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Tuesday, May 29, 2007

Blogging Challenges

I just saw a post by a relatively new blogger - I’m Back… and What Happened?

In it, Angela tells us about how she "fell behind" in her blogging and then found she had trouble "catching up" ...
  • Then, I started saving “clippings” that I planned to respond to but fell behind and the subjects got old.
  • Did I mention that I fell behind and everything that I was excited about seemed to get “old”?
  • Then I thought I had to “catch up” in order to post again.

I can understand her sense of concern about how quickly subjects come and go in the blogosphere. However, there is now way that you can keep up and weigh in on every subject / conversation going on out there. It's just too much. Instead, you have to pick subjects that interest you or that you can relate to your work. There is no "keeping up" nor "catching up" ... there's only letting go.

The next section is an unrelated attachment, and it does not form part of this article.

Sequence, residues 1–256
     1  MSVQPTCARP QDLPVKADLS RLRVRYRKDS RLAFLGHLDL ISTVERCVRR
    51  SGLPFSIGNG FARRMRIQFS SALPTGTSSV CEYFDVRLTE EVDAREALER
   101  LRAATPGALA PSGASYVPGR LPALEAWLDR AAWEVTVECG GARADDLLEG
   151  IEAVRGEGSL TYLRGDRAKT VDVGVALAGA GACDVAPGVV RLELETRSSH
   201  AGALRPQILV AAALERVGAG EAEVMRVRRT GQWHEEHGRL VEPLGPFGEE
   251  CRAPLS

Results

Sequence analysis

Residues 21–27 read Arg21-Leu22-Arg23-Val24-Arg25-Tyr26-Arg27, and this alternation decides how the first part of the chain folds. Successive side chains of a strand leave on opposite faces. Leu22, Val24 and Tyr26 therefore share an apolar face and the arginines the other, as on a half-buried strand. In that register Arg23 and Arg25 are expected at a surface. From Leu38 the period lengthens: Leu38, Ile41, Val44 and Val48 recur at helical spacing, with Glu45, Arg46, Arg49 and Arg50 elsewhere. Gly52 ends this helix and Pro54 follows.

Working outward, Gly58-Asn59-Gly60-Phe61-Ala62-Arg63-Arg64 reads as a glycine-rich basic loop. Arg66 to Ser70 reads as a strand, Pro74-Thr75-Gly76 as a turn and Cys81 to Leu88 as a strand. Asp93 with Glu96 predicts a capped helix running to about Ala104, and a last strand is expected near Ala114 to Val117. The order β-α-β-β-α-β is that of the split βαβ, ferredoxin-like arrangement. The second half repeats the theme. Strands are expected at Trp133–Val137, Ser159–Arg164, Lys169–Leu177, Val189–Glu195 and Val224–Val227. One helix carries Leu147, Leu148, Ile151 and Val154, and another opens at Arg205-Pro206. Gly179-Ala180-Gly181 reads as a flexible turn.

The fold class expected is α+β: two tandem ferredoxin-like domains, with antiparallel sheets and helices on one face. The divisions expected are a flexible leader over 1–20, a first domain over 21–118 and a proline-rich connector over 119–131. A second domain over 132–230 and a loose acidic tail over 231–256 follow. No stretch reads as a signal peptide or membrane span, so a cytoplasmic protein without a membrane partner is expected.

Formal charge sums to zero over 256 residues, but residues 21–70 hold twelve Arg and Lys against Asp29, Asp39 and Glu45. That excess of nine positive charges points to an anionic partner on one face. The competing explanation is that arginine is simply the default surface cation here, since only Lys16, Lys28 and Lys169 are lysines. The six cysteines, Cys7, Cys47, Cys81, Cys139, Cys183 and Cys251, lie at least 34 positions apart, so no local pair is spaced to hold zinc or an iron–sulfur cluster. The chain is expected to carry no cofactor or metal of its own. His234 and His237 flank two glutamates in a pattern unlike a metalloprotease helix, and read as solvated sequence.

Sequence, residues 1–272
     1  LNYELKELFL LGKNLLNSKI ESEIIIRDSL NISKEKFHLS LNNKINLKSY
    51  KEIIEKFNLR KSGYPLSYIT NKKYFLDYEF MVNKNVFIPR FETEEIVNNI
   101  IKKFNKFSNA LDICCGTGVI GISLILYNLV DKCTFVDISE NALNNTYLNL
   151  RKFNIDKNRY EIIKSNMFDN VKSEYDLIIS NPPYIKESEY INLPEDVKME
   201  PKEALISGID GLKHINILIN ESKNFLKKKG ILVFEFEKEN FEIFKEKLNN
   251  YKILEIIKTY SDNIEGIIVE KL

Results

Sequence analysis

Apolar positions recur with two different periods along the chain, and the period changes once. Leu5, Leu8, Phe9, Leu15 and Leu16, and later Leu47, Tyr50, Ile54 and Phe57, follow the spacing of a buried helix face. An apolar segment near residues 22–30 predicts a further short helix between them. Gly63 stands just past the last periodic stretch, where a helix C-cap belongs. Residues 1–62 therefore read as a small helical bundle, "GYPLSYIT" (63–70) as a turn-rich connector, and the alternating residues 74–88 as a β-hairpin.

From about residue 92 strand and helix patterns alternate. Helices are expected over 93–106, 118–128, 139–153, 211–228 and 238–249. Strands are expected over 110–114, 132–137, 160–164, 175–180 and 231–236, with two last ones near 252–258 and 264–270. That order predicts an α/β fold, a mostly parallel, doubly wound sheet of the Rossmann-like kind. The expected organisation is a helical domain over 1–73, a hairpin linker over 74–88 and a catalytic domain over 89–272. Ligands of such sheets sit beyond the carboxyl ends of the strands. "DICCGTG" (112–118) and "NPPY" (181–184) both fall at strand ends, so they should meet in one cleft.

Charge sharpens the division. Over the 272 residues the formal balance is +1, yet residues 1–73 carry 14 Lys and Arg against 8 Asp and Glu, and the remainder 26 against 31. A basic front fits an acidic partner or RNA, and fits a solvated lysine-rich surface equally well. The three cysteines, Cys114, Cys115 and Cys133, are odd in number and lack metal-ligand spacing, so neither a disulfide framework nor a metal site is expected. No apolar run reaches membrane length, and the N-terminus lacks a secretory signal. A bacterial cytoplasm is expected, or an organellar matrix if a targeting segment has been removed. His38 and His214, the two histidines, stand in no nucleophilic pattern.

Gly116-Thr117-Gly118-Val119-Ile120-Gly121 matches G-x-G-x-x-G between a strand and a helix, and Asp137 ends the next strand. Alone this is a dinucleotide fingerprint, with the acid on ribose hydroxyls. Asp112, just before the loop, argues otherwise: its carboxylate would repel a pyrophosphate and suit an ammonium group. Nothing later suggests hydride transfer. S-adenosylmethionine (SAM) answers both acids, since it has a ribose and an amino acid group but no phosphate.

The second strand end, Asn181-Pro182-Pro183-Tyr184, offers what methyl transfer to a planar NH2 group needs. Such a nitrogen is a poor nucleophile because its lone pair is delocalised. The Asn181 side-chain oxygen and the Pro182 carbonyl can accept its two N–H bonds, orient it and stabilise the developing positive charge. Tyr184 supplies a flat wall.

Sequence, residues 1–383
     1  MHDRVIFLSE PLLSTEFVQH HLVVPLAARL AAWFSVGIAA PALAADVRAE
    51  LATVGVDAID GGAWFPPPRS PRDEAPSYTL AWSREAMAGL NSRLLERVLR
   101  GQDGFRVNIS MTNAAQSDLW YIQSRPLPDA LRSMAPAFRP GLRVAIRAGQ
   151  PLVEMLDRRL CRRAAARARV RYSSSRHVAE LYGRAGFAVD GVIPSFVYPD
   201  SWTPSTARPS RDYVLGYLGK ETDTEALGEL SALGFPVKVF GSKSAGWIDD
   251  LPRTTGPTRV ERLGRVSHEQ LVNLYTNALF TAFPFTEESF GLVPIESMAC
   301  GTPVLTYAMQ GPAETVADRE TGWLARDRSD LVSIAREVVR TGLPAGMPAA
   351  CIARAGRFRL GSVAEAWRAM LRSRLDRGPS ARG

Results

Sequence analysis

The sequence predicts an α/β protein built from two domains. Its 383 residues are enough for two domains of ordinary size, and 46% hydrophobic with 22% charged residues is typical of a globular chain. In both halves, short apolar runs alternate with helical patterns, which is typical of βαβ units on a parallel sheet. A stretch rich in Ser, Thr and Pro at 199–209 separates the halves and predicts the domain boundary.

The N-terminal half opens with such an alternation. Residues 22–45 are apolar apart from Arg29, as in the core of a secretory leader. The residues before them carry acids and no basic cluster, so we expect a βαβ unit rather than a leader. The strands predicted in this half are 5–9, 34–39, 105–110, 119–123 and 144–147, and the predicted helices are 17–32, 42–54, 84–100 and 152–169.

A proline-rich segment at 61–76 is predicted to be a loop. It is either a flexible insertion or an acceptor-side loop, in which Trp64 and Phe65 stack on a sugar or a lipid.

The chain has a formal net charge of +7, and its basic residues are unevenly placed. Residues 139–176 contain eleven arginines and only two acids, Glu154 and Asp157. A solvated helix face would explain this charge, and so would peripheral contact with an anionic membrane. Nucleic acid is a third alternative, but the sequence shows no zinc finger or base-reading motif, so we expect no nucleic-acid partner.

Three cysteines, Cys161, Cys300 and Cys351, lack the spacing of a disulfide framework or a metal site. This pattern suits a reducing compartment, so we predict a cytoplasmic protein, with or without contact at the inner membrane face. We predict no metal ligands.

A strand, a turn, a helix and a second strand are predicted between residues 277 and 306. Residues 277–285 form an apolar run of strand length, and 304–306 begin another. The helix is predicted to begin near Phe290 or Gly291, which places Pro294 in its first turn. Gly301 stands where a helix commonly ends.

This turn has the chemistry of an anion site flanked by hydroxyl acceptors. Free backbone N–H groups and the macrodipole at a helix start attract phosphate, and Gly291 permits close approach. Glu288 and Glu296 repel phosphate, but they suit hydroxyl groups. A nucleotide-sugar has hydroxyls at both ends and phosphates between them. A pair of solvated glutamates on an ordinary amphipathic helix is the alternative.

The harder question is what to do when you are behind and there's a great subject that interests you, but it's been a couple weeks since anyone posted about it. My personal feeling is that if you have something to add to the conversation, it's still good to weigh in on it. The reason is that while you may not get much response or interaction, it still helps you complete your thoughts around the subject (that interested you).

Angela also told us:
Plus, I was so incredibly inspired about my work in the last three weeks that I worked harder than ever before and I was too tired to post at the end of the day!